When does someone become aware of a gender identity?

An individual’s awareness of gender identity, and the emergence of a range of gender-typical behaviours, is usually established by the age of two to three years. The earliest features of gender incongruence may start to become apparent around this age. 

By the age of five years, children will spontaneously characterise others by sex (boy or girl). Negative reactions by children to gender diversity in others, which may include teasing, ridicule and social exclusion, often become stronger as children grow older. Boys exhibiting behaviours characteristic of female gender are more likely to experience negative reactions, than girls exhibiting behaviours characteristic of male gender. Such negative reactions may result in psychological distress for the recipient and heighten any gender dysphoria that they might experience.

From the age of seven years, children become more flexible in how they apply gender stereotypes and begin appreciate that there are differences between individuals in how they express their gender identity. Pre-school children typically have a preference for same-sex friends that tends to strengthen until adolescence; subsequently, boys are more likely to engage in group activities and girls in activities in dyads (groups of two). The formation of same-sex groups is typical of young adolescents; in mid- to late-adolescence, more cross-sex interactions evolve, a prelude to the emergence of romantic and couple sexual relationships. These changes in relationship dynamics may be distressing and contribute to the experience of gender dysphoria by gender-diverse individuals. 

In addition to social and behavioural changes, adolescence is usually accompanied by the secondary sex characteristic developments that follow puberty; these changes (growth of body hair, facial hair, external genitalia and deepening of the voice in boys, and breast development and the onset of menstruation in girls) can be deeply distressing to individuals whose gender identity is not congruent with their sex development, again contributing to any experience of gender dysphoria.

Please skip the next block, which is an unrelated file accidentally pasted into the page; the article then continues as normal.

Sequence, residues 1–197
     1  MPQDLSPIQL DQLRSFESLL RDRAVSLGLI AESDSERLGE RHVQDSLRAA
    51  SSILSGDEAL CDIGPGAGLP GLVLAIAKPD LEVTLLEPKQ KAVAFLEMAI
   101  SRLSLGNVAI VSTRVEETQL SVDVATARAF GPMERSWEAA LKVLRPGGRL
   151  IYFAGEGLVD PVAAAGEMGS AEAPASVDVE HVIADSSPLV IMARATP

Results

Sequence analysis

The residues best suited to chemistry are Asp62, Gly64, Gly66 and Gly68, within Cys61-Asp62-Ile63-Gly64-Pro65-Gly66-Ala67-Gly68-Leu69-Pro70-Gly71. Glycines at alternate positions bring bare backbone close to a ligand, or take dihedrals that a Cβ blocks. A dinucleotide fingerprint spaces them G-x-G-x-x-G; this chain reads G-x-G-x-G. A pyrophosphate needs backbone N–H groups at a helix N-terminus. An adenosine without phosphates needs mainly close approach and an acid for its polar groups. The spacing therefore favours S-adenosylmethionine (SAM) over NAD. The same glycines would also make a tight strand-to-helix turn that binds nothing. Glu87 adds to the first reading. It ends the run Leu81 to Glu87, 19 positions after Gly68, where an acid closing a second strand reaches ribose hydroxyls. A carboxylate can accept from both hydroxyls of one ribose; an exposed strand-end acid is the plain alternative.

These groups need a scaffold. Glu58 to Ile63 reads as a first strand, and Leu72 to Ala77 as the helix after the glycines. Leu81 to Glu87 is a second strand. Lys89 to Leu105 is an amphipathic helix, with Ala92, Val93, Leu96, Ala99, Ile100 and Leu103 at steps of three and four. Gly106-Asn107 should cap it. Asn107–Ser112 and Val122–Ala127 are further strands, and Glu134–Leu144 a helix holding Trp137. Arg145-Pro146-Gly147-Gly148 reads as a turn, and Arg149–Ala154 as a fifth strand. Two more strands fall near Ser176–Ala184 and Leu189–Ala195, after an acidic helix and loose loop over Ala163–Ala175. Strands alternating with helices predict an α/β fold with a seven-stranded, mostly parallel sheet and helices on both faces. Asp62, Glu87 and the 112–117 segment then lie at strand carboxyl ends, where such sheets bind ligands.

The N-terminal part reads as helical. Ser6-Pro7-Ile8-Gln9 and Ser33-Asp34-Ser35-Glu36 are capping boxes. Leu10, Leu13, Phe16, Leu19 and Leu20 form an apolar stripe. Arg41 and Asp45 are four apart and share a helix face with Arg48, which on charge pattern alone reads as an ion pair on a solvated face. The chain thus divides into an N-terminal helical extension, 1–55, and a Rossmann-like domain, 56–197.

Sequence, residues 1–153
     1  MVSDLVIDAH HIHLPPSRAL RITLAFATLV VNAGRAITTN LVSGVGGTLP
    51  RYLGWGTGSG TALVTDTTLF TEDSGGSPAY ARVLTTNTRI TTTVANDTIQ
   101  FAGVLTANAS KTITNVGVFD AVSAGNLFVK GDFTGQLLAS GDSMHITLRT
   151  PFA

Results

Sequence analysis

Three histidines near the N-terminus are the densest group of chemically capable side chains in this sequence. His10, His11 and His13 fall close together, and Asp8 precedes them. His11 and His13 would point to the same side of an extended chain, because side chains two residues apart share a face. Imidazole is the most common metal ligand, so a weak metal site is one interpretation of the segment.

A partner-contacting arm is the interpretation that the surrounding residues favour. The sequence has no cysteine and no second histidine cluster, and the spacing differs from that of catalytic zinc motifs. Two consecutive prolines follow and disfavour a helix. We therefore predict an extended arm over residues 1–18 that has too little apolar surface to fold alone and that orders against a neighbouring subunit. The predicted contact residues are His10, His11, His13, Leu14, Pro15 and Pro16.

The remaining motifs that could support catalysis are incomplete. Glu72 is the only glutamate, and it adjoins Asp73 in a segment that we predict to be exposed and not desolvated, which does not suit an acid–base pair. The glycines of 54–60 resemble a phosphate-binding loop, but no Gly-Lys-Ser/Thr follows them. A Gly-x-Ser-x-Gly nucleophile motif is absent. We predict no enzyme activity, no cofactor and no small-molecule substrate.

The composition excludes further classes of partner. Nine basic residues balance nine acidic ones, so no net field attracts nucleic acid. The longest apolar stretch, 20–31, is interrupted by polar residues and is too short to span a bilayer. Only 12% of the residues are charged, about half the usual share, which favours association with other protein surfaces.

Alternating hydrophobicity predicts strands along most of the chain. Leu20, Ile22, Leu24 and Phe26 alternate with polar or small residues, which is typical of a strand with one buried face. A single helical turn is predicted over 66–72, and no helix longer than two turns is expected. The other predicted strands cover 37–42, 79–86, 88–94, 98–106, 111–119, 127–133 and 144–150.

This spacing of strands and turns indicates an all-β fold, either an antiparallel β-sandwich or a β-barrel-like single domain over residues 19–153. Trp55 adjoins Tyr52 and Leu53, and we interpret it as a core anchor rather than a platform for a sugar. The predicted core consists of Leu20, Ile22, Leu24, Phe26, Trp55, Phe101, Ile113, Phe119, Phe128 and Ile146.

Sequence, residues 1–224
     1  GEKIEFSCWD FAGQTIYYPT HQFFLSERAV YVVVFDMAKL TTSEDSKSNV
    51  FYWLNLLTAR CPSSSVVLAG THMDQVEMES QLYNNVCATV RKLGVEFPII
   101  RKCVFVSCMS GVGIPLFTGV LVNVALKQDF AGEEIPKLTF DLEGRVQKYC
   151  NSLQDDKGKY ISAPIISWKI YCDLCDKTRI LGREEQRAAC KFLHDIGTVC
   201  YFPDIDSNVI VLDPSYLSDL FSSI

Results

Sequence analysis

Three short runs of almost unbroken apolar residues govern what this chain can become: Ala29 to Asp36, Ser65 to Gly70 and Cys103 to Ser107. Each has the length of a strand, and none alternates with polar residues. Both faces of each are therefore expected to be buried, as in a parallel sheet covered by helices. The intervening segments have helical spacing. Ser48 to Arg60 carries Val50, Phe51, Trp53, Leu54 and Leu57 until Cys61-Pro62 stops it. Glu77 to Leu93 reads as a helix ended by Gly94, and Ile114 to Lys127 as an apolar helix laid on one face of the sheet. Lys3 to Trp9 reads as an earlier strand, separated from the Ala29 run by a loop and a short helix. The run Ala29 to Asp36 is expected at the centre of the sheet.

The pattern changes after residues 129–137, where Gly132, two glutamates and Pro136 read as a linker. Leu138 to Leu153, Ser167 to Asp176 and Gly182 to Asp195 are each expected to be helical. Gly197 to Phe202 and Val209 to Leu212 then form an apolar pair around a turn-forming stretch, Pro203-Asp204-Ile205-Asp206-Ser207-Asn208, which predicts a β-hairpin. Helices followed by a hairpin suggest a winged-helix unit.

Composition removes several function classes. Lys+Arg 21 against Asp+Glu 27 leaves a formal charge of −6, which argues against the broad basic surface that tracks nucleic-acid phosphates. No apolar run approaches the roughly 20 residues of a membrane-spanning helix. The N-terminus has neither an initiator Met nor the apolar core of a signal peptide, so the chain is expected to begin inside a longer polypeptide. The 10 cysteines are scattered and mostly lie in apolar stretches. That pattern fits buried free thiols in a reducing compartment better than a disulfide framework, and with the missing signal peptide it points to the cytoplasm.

There is considerable variation in individual’s need for interventions, and the timing of those interventions. Not everyone needs or wants hormone therapy or surgery, and their needs and wants may develop over time, just like everybody else’s. Each individual’s needs are unique, and their care pathway, what it includes and when it is needed, is different; the clinical team work with them to agree a care pathway that helps them achieve their treatment goals.

Finally, family and friends should respect the wishes of transgender people in how they should be addressed or described. What transgender people find acceptable as titles and pronouns varies considerably. When speaking of a trans, non-binary or agender person, it is correct and courteous to ask them their preference of pronoun (he, she, they, per), title (Mr, Mrs, Miss, Ms, Mx) and description of their transgender nature (trans man or woman, man or woman, non-binary, Genderqueer, agender, etc.)